Despite the enactment of regulations and measures designed to raise the equality of people with intellectual difficulties, Bulgaria still lacks effective and working programmes for supported employment and job brokerage services for disabled job seekers. Finding work is a major challenge, particularly for young people with intellectual difficulties. Social stigma is still pervasive and is the main reason for their isolation and the infringement of their basic human rights, including the right to work. In Bulgaria, people with intellectual difficulties are still perceived as being unable to lead a ‘normal’ life and of little use to society in general. The representatives of this group often spend their time on their own or within their immediate families, without any meaningful occupation, full-bodies social contacts or choice as regards the development of their potential.
The negative factors that contribute to a rise in people with disabilities as a risk group on the labour market are compounded by the firmly rooted negative stereotypes in society, the lack of adapted workplaces and access to them. The built-in limitations of the environment create ever higher barriers to social inclusion—indeed, much more difficult to overcome than any functional disability.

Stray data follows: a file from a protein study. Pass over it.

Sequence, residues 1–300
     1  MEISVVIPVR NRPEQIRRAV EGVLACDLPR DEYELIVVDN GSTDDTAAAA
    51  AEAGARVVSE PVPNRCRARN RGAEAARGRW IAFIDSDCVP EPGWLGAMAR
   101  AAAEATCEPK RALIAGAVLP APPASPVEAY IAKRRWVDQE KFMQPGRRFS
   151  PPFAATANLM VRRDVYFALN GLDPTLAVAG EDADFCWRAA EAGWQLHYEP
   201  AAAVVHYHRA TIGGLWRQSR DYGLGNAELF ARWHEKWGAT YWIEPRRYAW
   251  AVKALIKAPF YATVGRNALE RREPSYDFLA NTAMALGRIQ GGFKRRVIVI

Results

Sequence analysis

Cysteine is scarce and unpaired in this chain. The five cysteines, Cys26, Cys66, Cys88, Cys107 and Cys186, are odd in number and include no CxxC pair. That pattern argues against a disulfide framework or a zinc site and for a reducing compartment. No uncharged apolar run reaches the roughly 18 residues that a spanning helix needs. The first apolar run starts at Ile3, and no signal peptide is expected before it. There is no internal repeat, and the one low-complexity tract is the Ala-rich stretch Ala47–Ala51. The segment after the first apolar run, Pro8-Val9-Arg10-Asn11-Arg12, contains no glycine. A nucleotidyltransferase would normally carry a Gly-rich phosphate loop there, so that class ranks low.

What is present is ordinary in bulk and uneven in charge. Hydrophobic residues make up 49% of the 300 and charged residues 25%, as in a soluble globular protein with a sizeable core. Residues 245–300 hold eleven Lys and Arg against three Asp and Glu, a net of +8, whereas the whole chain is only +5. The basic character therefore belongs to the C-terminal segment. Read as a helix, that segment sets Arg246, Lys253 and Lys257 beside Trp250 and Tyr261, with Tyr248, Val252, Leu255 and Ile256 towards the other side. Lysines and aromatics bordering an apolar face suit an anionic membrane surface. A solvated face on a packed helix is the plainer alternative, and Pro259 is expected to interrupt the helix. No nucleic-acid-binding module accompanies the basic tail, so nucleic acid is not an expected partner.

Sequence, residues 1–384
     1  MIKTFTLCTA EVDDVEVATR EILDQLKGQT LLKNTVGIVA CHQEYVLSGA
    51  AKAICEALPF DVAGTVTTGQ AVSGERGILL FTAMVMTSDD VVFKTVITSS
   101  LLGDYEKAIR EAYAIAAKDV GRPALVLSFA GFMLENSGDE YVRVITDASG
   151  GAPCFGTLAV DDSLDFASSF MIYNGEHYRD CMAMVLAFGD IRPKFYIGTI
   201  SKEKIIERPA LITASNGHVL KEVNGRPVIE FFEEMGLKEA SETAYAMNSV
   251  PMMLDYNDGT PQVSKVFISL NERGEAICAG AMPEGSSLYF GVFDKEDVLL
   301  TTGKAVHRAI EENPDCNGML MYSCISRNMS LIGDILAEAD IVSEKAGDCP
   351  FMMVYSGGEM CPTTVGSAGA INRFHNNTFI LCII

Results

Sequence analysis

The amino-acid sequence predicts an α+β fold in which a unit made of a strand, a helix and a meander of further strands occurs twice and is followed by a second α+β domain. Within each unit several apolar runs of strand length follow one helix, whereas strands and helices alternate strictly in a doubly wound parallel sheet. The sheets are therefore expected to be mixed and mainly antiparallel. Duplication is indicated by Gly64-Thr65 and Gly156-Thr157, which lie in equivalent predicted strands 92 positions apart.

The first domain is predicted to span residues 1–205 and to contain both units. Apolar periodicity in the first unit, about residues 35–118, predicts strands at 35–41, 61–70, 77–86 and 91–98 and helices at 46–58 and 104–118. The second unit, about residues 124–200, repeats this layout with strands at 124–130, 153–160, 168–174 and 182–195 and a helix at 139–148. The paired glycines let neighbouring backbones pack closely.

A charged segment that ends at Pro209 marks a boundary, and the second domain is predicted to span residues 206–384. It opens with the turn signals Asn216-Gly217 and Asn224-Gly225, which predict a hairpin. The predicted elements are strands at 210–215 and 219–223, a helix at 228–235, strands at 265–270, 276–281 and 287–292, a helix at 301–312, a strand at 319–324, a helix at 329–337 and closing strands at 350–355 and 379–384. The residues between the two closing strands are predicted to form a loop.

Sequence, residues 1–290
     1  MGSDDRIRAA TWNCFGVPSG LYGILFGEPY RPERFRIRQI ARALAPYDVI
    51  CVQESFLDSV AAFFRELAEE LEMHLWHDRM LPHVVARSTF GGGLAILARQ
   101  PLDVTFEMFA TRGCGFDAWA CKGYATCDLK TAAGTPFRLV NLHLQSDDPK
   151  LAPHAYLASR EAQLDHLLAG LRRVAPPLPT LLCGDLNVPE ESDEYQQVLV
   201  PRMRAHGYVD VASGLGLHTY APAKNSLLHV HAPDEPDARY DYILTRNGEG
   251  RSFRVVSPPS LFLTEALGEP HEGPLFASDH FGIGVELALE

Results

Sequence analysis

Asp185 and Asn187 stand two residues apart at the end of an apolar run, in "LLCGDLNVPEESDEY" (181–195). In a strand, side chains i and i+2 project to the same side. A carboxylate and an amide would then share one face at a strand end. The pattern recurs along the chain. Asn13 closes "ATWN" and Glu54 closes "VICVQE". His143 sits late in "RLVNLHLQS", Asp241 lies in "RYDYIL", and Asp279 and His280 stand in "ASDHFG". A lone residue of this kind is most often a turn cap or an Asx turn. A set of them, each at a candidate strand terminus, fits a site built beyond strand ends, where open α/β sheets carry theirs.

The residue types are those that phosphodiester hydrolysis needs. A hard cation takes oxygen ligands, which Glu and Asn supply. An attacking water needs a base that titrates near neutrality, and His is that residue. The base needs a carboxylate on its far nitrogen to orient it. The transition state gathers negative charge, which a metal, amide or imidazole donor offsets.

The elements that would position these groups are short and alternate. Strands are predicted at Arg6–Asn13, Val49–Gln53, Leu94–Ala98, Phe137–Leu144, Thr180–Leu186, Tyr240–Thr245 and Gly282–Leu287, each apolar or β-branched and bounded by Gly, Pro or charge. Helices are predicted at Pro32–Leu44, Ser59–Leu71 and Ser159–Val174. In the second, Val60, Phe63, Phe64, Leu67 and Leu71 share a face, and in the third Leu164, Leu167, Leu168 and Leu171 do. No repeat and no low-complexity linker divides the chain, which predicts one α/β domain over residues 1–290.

The stereotypes and prejudices inherited from the past lead to—broadly speaking—to three types of prejudices in employers: on the one hand, they are still not fully prepared to hire disabled workers whilst, on the other hand, the high levels of unemployment are used to perpetuate the myth that this group of workers is virtually unemployable. According to the third prevalent attitude disabled workers—particularly those with more serious disabilities—are simply regarded as unfit to work. Today, on the basis of applying good practices in the area of employment, these attitudes and wrong perceptions are gradually changing and employers are showing at least a degree of willingness to hire people with disabilities. The reason is that disabled workers have proven that they are capable to carry out the tasks assigned to them. Supported employment, which first became widespread in Europe in the early 1990s and still gathering momentum in Bulgaria, is a case in point.
Related article: Supported employment programme at the Worlds Day Care Centre